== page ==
History of Ukraine
The Ukrainian Background
Ukrainian people belong to the eastern branch of the Slavic nations. Their homeland, Ukraine (Ukraina) with a population of over 50 million lies north of the Black Sea, between Russia and Poland. Geography has played a critical and paradoxical role in the destiny of Ukraine and its people. Abundant, rich, agricultural land and a moderate climate gave Ukraine a reputation as the “bread basket of Europe”. But this natural resource lacked adequate geographic barriers against powerful outsiders, and throughout history Ukraine has been an easy prey to invasions from all directions. As a result, following the Mongol destruction in the 13th century of the original
Ukrainian state, the highly civilized Kyivan Rus’, the Ukrainian lands had been dominated by the neighboring countries, mainly Russia, Poland and Austro-Hungary. Because the Ukrainians had been for so long a subjugated, fragmented nation, their national development was delayed until the 19th century. Furthermore, because the Ukrainian aristocracy tended to assimilate with the ruling nationality, the Ukrainian nation remained essentially peasant in character. Even when extensive industrialization began, the Ukrainian urban classes were small and politically insignificant. Russians, Jews and Poles predominated in urban centres (Kyiv, Odessa, Kharkiv,
Lviv), which became non-Ukrainian islands in a Ukrainian sea.
At the beginning of Ukrainian immigration to Canada in the 1890s, the bulk of the Ukrainian territory (“Greater Ukraine”) and approximately 25 million people were within the tsarist Russian Empire. The tsarist regime pursued harsh policies of centralization and Russification of the subject nationalities (nearly 50% of the total population). All manifestations of Ukrainian nationalism were severely repressed; even the Ukrainian language was prohibited. Economically, however, conditions in Russian Ukraine were gradually improving after the abolition of serfdom in 1861, and a strong rural class, the farmers (khliboroby), emerged.
Western Ukraine, the home of another four million Ukrainians (often called Ruthenians) was part of the Austro-Hungarian Empire and consisted of the provinces of Galicia (Halychyna), Bukovyna and Transcarpathia. The vast majority of Ukrainian immigrants to Canada came from Galicia and Bukovyna, both areas of dense and mixed population, where the Ukrainians shared the land with the Poles and Romanians respectively. In Galicia, where the Polish gentry formed the ruling class, religious affiliation provided a simple and clear means of national identification.
The Ukrainians were members of the Greek-Catholic (Uniate) Church which recognized the Pope but adhered to Byzantine and Ukrainian ecclesiastic traditions, including married parish clergy. The Poles, on the other hand, were staunch Roman Catholics. The Ukrainian priests provided much of the national leadership for the Ukrainian community in Galicia. In Bukovyna, the religious situation was less clear since both the Ukrainians and the Romanians belonged to the Orthodox Church, but the liturgical language differentiated them. The Romanian gentry dominated Bukovyna politically and economically.
The old Austro-Hungarian Empire maintained itself by constitutional means and the politics of “divide and rule”. It skilfully balanced the various nationalities by pitting one against the other. In Galicia, the Polish gentry was granted political and economic advantages over the Ukrainians. In the face of this, the Ukrainian leadership waged an unceasing struggle for equality in the educational, political, cultural and economic spheres. During this struggle, a new secular and pro-active intelligentsia emerged from the ranks of the clergy and the peasantry. Although Polish domination remained entrenched (until 1939), compared with their co-nationals in the repressive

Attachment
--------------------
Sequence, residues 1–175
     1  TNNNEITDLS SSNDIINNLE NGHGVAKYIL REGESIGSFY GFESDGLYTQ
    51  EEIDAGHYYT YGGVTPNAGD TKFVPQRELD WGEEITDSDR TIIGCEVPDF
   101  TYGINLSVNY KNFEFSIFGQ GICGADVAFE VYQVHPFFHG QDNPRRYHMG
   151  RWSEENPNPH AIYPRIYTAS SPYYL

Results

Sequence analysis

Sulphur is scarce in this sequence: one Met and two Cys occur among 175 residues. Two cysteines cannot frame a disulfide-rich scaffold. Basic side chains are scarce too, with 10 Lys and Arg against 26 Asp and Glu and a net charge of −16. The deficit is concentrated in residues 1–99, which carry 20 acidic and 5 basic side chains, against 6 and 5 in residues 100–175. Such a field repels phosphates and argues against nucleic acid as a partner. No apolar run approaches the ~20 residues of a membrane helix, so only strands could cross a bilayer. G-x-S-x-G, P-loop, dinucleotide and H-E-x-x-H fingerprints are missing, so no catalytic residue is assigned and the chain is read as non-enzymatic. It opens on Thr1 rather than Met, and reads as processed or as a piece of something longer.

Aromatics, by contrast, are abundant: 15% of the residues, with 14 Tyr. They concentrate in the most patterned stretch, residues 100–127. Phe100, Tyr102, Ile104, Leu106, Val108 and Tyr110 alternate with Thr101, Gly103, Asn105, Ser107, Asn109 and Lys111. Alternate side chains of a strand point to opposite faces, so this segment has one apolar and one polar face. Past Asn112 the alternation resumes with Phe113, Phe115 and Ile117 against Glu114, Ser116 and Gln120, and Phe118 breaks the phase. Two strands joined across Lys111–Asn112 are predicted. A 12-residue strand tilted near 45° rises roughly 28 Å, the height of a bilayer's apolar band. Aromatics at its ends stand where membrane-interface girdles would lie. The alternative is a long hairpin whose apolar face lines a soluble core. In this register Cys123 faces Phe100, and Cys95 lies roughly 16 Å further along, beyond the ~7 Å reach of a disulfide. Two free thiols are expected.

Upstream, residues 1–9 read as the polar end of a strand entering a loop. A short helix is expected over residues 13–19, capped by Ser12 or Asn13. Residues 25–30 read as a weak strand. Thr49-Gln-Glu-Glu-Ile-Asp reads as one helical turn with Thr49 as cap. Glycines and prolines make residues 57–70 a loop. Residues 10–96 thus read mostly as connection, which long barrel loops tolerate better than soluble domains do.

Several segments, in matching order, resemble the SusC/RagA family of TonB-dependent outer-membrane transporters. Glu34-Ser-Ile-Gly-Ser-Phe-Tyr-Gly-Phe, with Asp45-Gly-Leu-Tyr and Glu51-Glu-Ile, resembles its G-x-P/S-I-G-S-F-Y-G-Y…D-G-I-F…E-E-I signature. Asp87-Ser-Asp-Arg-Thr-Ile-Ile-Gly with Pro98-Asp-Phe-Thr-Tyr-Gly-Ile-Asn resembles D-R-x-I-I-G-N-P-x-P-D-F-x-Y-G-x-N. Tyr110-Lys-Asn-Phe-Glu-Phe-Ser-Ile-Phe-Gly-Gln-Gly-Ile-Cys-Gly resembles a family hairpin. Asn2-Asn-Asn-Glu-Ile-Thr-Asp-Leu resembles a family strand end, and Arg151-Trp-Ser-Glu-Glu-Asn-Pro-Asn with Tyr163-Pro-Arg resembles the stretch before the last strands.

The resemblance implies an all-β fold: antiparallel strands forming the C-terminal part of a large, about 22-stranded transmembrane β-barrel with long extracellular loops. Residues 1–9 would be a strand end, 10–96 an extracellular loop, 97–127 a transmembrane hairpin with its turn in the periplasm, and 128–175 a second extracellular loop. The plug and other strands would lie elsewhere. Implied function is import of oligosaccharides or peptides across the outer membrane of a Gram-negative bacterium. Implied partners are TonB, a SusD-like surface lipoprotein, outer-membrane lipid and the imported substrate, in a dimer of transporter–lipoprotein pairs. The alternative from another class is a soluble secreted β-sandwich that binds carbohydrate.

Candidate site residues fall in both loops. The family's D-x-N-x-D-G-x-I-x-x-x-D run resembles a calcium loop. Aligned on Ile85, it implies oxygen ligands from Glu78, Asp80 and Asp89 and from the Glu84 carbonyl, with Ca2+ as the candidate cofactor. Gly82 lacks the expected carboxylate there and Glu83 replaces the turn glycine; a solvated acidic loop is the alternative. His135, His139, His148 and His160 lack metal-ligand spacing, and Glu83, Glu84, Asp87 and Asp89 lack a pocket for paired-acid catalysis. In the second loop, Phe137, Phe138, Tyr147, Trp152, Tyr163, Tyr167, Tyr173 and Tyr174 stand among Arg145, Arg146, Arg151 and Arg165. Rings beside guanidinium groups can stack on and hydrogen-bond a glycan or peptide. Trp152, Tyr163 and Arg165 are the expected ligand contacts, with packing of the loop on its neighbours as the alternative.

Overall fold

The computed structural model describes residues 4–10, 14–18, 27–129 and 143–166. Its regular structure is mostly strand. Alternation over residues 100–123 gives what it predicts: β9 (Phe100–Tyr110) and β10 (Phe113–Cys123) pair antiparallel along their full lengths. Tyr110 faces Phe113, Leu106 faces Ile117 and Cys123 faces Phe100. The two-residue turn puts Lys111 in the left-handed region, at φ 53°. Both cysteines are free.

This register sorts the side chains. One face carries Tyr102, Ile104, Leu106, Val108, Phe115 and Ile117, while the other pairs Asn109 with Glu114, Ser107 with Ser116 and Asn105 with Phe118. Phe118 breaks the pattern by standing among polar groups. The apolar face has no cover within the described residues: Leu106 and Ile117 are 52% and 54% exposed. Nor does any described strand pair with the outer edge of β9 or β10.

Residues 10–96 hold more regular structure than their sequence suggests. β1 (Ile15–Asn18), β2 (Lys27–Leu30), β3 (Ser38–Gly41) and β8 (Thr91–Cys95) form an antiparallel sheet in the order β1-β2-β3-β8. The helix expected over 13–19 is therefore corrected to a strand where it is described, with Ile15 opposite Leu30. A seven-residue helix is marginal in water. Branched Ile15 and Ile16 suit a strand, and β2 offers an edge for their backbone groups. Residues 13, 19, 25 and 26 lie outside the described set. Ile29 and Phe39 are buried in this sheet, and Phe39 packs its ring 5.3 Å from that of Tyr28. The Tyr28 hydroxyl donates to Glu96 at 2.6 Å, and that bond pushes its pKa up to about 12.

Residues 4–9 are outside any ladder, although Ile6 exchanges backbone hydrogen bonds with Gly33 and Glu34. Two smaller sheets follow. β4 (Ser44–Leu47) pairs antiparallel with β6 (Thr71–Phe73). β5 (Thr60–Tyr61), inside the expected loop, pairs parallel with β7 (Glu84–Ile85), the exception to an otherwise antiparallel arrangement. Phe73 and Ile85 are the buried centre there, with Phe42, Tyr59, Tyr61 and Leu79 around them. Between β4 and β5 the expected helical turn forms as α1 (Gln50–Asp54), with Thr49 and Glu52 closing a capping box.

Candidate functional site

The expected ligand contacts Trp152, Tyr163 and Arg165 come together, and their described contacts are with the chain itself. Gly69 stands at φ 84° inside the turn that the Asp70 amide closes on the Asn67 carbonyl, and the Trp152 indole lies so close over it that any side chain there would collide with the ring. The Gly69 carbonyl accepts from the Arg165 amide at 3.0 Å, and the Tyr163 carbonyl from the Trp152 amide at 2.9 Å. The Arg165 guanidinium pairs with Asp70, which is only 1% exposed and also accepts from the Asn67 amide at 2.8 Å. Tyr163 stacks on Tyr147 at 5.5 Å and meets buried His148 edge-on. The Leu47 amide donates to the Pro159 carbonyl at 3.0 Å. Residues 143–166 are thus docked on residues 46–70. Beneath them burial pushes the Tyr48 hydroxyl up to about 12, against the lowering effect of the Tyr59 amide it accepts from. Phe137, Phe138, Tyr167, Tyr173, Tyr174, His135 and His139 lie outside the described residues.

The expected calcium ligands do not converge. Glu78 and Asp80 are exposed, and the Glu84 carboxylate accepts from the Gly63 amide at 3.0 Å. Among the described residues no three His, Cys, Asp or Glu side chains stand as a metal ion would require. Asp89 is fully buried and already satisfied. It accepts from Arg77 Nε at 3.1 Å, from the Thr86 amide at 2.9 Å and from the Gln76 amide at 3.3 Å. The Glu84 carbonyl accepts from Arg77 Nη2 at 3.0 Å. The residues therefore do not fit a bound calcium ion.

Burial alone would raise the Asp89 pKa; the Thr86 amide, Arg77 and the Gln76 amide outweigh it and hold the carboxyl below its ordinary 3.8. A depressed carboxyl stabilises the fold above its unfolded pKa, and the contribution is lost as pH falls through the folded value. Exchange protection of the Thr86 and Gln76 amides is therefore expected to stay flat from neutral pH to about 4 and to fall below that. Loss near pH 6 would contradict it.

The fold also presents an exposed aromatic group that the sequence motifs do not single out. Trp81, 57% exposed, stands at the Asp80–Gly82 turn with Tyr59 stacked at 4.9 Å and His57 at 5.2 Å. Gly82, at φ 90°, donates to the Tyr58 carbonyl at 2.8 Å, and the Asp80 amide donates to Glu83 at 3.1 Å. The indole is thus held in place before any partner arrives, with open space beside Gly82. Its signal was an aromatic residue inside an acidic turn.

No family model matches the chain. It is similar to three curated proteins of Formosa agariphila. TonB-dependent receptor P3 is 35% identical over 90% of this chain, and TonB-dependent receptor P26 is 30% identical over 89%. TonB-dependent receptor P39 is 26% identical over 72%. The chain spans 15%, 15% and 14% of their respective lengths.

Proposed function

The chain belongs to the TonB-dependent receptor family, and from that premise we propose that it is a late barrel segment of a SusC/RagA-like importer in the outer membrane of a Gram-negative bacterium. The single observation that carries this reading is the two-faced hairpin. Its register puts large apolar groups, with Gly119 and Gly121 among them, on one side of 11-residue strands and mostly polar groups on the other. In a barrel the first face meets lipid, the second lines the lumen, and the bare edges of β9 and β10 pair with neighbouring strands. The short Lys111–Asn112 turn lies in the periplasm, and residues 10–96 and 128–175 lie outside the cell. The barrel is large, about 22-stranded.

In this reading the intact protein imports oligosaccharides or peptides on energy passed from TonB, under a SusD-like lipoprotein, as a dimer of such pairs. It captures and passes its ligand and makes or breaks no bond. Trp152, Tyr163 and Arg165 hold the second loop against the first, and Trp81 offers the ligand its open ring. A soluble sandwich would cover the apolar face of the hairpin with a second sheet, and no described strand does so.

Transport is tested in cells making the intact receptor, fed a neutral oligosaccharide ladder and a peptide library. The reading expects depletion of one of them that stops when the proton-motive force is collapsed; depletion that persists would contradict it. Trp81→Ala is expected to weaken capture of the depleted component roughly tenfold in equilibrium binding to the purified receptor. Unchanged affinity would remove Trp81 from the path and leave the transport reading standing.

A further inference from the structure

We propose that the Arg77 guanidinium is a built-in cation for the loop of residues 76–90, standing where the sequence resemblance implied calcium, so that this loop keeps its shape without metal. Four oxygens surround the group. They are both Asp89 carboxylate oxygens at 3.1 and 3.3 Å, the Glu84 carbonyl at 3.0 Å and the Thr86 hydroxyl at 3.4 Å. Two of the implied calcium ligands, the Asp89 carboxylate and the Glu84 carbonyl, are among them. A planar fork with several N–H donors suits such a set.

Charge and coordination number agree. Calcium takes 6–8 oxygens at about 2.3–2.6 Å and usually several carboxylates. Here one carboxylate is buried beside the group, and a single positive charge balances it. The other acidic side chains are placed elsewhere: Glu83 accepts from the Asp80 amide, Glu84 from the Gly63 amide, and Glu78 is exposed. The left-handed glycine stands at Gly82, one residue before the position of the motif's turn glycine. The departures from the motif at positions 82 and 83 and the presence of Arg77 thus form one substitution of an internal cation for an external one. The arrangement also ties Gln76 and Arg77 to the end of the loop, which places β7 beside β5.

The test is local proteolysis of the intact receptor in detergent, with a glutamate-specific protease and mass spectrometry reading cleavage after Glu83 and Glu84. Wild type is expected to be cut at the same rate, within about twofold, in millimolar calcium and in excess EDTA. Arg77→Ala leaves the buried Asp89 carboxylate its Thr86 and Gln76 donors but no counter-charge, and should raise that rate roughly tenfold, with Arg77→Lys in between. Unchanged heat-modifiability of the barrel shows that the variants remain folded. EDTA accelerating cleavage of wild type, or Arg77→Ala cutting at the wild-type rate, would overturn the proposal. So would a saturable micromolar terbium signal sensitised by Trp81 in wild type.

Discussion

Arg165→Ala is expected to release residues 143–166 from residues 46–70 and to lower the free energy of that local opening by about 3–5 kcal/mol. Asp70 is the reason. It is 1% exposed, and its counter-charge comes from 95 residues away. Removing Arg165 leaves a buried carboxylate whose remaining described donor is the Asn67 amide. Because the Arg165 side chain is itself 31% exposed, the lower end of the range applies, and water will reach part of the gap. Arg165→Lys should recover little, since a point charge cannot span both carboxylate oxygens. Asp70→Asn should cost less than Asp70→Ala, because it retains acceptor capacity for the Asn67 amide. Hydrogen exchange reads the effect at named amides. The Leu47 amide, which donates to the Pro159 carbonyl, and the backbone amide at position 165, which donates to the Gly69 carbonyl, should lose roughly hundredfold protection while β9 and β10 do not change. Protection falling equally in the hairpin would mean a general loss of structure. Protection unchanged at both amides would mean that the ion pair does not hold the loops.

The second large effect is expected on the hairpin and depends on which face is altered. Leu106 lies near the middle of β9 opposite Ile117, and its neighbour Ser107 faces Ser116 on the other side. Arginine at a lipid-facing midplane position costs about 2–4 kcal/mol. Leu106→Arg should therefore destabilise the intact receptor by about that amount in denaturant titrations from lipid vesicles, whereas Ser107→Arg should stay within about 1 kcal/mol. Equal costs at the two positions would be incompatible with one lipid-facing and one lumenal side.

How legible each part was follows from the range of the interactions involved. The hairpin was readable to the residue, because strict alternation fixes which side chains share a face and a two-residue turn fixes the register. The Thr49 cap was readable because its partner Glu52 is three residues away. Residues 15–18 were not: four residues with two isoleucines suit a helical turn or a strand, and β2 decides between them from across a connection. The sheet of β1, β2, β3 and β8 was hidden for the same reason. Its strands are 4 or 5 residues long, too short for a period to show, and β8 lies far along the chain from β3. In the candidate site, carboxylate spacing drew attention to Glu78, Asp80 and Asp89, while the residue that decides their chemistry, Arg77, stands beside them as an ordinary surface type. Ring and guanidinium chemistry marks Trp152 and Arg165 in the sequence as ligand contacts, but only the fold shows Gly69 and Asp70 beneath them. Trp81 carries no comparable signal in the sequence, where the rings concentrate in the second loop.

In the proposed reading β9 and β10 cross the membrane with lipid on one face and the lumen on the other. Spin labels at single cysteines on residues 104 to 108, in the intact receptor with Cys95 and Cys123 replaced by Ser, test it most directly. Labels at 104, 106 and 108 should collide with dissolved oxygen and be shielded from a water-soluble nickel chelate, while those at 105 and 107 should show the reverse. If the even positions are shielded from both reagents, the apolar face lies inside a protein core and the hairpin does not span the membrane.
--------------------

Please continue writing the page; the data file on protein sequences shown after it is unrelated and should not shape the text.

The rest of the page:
Russian Empire, the Ukrainians in Galicia made remarkable political and cultural progress. The public school system, while weighted in favour of the Polish nationality, provided Ukrainian children with educational facilities in their own language, a right that eastern Ukrainians did not enjoy. Village reading clubs (chytalni) were created by enlightenment societies (prosvita) to address adult illiteracy. The reading clubs provided a valuable multidimensional, educational experience and they were recreated in Canada where a community hall has characterized every Ukrainian grouping to this day.
The Ukrainians in Galicia had some political experience that was absent in the Russian Empire until 1905. They had a number of political parties, representing the entire ideological spectrum, from socialism to clerical conservatism, from which to elect their deputies to the Imperial Parliament in Vienna and to the local assembly in Lviv. Under the Austro-Hungarian Empire, Ukrainians suffered mainly from economic rather than political conditions.
The Austro-Hungarian government designated Galicia as an agricultural zone and marketplace for products from the industrially advanced western parts of the empire. This policy made the Galician peasants, both Ukrainian and Polish, economically dependent on the large landowners who controlled over 40% of the land. The acute land shortage, reflected in small peasant land holdings (2-7 hectares), and technological underdevelopment made village life very difficult. A cooperative movement developed as a means of improving the economic condition of Ukrainians. By the turn of the century, Ukrainians had a network of agricultural and dairy cooperatives, credit unions and mutual-aid associations which, for the first time, gave the people collectively significant economic power. Still, many peasants remained frustrated and ready to seek a better life elsewhere, resulting in Ukrainian emigration to Canada.